A journey of tea ceremony
GREEN TEA IN THE REALM OF TRANQUILITY
Kigata Banko Yaki was invented 190 years ago by Japanese craft artist Yusetsu Mori (1808-1882). He applied a puzzled wooden mold technique to teapot-making for green tea ceremonies. After the teapot is shaped, the wooden mold can be cleverly deconstructed and removed from inside. This technique allows the teapots to keep the warm handmade feel while being very thin and light, perfectly suitable for preparing green tea.
Japanese artist Haruka Matsuo graduated from Kyoto City University of Arts and Gerrit Rietveld Academy Amsterdam. Having studied under Seigetsu Iriyama (1922-2014), Haruka is the 9th successor of Kigata Banko Yaki technique. She adds elements from her own artworks into each tea set giving them a light and modern look.
Meanwhile the molds that these tea sets are made with, are over 120 years old.
The beauty of ritual; preparing and drinking the tea as mindfully and consciously as possible from the heart. It is an exercise in being here and now.
KIGATA BANKO - Japanese teapot for green tea, made with puzzled wooden mold.
In Japan, people barely know “Kigata Bankoyaki” is one of the rare technique to produce teapots using wooden molds discovered in my home town Yokkaichi.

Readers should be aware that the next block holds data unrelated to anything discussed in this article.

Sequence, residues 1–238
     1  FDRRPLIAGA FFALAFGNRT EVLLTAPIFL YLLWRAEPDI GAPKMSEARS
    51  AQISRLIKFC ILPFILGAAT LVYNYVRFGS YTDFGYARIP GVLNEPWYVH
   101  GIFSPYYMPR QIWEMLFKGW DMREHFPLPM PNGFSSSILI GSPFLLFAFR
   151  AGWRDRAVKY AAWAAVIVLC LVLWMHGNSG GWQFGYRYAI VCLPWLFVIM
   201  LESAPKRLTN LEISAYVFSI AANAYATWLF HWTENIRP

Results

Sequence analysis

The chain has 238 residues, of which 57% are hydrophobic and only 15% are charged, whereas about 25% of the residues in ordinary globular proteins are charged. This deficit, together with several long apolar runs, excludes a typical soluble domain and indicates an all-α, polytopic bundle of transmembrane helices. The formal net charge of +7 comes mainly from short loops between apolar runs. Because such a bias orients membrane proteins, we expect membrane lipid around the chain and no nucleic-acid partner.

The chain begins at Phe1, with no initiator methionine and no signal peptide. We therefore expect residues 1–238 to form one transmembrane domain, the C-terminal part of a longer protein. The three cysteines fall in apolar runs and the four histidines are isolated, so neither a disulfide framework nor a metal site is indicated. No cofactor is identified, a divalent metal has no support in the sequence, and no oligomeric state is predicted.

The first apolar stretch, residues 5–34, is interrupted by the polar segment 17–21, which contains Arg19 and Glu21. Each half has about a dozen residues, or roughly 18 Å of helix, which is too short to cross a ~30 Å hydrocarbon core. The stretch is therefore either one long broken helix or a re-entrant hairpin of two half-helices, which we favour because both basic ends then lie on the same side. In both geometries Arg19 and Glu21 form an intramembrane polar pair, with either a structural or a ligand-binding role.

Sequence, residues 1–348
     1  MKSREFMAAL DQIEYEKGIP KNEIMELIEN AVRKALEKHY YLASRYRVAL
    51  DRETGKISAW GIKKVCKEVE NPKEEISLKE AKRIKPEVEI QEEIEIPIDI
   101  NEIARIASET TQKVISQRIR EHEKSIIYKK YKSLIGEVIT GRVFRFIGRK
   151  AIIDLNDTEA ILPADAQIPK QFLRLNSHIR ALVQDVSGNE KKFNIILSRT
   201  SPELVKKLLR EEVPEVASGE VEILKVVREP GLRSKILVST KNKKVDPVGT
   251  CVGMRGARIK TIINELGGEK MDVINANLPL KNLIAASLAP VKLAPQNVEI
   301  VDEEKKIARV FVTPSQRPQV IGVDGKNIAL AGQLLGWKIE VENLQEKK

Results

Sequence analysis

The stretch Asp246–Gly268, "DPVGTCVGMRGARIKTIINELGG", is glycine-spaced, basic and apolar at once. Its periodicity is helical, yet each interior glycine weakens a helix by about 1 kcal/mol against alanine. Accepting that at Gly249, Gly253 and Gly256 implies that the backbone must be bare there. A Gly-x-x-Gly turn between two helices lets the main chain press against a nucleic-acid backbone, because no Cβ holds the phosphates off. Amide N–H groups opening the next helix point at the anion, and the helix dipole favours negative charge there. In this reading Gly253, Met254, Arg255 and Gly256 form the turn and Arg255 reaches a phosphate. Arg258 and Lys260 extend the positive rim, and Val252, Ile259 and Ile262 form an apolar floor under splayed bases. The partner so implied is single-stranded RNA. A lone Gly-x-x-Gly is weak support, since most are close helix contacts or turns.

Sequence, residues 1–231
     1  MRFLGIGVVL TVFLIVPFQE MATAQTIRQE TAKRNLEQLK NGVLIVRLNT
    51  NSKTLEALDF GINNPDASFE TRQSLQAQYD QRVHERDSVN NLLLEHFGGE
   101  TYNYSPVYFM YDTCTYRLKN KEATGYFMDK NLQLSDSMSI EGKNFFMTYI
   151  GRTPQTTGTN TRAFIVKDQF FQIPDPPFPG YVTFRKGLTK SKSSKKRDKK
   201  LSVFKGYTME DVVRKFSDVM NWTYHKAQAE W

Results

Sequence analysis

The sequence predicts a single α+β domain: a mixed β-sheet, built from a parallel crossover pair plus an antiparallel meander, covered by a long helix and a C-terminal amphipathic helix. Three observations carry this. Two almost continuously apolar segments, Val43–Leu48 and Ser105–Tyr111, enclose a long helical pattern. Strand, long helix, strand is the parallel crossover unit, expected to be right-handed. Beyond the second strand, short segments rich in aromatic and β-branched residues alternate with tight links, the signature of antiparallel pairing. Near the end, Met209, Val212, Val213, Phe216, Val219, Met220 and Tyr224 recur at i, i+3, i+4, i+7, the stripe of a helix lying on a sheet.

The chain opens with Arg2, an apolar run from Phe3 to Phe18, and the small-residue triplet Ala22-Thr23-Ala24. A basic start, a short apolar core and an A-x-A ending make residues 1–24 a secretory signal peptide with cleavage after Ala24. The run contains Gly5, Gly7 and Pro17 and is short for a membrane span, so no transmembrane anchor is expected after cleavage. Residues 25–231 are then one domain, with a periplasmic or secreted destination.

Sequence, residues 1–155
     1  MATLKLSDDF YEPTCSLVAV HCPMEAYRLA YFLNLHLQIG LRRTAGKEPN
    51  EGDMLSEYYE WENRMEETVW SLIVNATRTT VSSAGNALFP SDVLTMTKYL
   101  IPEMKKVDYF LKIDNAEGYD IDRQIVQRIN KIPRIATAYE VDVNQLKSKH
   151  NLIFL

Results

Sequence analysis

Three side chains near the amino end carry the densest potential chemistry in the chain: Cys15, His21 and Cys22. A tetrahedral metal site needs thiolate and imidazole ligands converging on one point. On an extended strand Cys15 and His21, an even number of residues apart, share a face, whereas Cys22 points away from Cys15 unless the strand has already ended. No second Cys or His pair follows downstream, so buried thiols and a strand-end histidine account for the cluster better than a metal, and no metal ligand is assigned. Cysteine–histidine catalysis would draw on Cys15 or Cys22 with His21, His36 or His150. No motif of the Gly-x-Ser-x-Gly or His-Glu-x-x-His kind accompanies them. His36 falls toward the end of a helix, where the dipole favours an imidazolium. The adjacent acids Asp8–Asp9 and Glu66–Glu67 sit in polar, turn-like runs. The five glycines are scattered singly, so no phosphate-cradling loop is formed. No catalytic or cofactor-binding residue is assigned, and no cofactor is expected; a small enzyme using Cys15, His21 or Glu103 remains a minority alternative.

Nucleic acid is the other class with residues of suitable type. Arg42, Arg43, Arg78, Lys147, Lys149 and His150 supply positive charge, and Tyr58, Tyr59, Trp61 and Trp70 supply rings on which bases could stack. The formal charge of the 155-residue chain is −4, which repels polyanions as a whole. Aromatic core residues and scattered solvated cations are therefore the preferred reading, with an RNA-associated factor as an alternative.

We use thin pressed clay to wrap around this puzzled wooden mold. And we make the shape of a teapot. After the manufacturing process, only few people make this teapot in Yokkaichi.
Japanese tea ceremony is a tradition in which tea drinking has been elevated to a true art form
I still have the fresh memory of childhood, my mother brewing green tea in the tiny ceramic teapot, and me carefully sipping the beautiful pale green tea poured in petite tea cups. This ceramic fine teapot which my mother loved to use was crafted in a puzzle-shaped wooden mold. And it has been produced only in my local province, Mie. It’s called “Banko” - means “Eternal”. After that I had the luck to be able to visit the workshop of master craftsman of traditional arts and crafts, Guru Seigetsu who was eighth generation of Banko with my father. I still vividly remember that I was moved to tears observing the Guru Seigetsu applying his astonishing rare technique of using the wooden mold to create precious teapots delightfully. I didn’t expect at all that the teapots could be made with that wooden mold, like the wooden block puzzles I used to play with in my childhood. The following day of my visit, I succeeded to his singular historical wooden puzzle molds and this unique Japanese traditional method creating teapot for green tea “Gyokuro”. I would love to see many people enjoying this “Banko” teapot by sharing the time over the tea slowly brewed in the pot with friends and loved ones.
I sincerely wish that this Banko teapot and green tea drinking culture would be passed down the generations and people who enjoy the delightful moment.